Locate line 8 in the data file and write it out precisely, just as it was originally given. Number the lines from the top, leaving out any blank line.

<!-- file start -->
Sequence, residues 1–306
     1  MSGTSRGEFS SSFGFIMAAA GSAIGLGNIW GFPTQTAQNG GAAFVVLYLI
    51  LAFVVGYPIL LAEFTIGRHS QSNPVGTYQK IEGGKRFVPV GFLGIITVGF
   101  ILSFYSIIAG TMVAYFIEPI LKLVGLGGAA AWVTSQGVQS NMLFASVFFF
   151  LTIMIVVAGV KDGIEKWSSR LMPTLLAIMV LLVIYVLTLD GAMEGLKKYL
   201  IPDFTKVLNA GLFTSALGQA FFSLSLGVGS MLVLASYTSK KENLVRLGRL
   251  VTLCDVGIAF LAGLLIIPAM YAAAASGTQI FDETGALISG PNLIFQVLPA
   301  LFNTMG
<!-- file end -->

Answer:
   301  LFNTMG